Where the Truth Lies

In today’s world of glamorization and exaggeration, in which truth is concealed, it is easy to feel like you are the only person struggling in life. In reality, though, all of Earth’s 7.3 billion people are currently going through something difficult in their lives  – whether it be related to family, money, food, or even clean air.

Whether we are speaking of industrialized countries or Third World nations, humans have learned to put a brave face forward that somewhat translates into ‘I am all right.’ To illustrate this, let us imagine having an aerial view of New York City’s streets on a Monday morning. You would notice the elderly, men, women and children bustling and scurrying from one place to another. Rarely would these pedestrians expect to be stopped by someone and be asked how their morning is going. Even if such an exceptional incident took place, one would be bewildered and immediately judge the kind person to be bizarre. Why is it frowned upon if you express a warm smile to a stranger walking past you on the sidewalk? Or why do people seem surprised if a youngster gives their seat up to a pregnant woman on the subway? The sole purpose of such kind acts is to induce familiarity and comfort into a rather cold and sheltered world.

We wonder why peace and genuine kindness are fading from our society, but what we fail to realize is that we ourselves are the perpetrators of this. We are constantly advocating for truth in all affairs, yet we ourselves are pressuring one another to conceal the truth. Oh, the irony that lives in us!

The main point of society teaching us to present a false representation of reality, is so that every one of us can develop a sense of belonging. For example, if you pretend that your relationship is not rocky, you are the average happy couple. If you pretend that your significant other and children are perfect, then you are the average All-American family living the American dream. if you pretend that you immediately received a job offer after college, then you are a successful post-graduate. These are all labels that we feel compelled to belong to: happy family, happy marriage, happy couple, happy graduate … just happy all the time. This is simply incorrect. If there is one thing that we have learned from the years we’ve lived, it is that life is not intended to be bump-free. It’s the crashing waves, tumultuous peaks, and thorny bushes that will ultimately direct us towards the road of peace. Nirvana.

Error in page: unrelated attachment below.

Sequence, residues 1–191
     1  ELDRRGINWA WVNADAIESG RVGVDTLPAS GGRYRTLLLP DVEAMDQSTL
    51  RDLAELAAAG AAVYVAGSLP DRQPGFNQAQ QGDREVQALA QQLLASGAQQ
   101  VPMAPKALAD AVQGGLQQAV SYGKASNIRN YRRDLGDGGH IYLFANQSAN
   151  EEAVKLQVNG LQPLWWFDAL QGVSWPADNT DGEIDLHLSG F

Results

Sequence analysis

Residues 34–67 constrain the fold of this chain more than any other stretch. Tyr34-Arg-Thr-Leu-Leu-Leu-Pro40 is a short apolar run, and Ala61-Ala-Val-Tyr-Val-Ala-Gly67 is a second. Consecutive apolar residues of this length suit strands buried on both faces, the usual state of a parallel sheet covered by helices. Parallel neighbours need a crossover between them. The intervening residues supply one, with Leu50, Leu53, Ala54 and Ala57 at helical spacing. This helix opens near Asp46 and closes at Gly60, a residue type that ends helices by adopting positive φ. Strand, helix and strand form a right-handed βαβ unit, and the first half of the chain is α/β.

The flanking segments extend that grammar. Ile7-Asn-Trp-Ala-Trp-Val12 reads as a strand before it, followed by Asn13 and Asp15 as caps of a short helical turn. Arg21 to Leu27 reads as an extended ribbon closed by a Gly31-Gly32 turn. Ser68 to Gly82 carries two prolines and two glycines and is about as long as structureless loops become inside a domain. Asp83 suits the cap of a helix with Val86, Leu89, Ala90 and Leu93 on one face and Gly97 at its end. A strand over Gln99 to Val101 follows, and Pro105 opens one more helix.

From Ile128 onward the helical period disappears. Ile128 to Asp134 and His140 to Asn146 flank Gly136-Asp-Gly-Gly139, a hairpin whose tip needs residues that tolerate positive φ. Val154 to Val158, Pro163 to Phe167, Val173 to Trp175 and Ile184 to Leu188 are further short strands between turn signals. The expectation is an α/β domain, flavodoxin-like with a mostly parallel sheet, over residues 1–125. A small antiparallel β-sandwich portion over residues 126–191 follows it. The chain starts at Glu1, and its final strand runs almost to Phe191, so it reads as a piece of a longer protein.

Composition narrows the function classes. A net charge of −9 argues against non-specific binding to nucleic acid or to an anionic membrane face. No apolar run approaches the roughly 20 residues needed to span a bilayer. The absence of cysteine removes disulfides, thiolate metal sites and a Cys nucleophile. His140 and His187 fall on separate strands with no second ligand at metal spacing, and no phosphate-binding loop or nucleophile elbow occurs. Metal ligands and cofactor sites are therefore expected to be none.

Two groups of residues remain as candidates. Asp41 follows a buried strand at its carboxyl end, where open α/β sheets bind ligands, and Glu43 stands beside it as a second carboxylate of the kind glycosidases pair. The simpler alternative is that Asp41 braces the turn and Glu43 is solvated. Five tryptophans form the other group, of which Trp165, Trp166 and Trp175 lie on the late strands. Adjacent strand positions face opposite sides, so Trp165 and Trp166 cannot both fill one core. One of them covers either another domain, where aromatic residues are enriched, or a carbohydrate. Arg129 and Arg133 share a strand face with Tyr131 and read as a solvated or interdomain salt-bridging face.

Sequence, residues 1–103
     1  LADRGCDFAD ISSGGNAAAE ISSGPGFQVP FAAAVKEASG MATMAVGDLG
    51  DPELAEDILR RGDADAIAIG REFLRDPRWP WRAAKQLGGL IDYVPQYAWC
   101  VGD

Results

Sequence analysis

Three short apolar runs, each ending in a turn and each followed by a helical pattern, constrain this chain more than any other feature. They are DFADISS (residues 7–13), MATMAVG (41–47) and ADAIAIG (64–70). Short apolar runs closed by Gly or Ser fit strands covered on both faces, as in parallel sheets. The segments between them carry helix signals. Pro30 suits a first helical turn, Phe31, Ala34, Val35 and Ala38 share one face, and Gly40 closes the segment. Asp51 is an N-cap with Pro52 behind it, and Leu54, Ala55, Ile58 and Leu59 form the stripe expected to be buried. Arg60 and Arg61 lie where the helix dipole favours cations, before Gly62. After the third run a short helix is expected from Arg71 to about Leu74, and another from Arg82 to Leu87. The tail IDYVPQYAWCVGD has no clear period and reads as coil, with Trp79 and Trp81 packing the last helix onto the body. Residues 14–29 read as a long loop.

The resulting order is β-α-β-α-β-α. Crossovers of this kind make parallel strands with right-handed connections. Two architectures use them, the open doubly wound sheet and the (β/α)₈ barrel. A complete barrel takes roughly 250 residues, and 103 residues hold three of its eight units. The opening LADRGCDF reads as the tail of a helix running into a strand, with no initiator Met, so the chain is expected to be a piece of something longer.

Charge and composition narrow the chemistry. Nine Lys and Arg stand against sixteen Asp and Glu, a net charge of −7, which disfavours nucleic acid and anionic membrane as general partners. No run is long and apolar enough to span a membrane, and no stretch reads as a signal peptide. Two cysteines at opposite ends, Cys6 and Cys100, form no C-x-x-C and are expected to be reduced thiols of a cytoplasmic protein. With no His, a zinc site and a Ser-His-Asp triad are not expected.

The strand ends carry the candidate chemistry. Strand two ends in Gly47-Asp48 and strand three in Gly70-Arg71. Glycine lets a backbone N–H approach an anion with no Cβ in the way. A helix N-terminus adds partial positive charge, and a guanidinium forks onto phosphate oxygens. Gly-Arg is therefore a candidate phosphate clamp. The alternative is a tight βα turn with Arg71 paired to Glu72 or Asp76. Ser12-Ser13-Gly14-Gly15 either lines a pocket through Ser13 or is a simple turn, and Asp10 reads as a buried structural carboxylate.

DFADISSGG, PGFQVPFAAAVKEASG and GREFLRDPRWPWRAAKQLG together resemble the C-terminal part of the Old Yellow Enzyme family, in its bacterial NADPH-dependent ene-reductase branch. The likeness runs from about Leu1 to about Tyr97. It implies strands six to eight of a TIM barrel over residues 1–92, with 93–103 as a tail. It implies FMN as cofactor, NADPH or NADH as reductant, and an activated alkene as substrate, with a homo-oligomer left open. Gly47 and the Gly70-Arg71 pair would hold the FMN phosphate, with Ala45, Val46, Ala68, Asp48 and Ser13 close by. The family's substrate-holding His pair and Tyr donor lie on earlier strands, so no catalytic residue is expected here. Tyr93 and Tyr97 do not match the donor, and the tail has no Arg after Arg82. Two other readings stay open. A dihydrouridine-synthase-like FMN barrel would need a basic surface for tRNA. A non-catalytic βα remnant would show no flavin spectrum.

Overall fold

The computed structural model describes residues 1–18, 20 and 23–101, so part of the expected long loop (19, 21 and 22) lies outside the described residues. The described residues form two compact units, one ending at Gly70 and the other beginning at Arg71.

In short, when we say that society is teaching us to filter and glamorize the truth, we need to realize that we are the society. Hence, a change must come from within ourselves. If one soul decides to break free from this culture of homogeneity, that free spirit will be contagious. Soon enough, a ripple of change will pervade the whole sea. 

It’s okay to cry from all of life’s stress – no one will judge you. In fact, every one of us is yearning for someone to show vulnerability, because that is what life is about. If you glamorize your life, you are not creating a sense of ‘fitting in,’ but rather, are building a cold wall around you that no other person can relate to. On that note,
when life presents you with lemons, don’t make lemonade, but show their pure acidity to the world.

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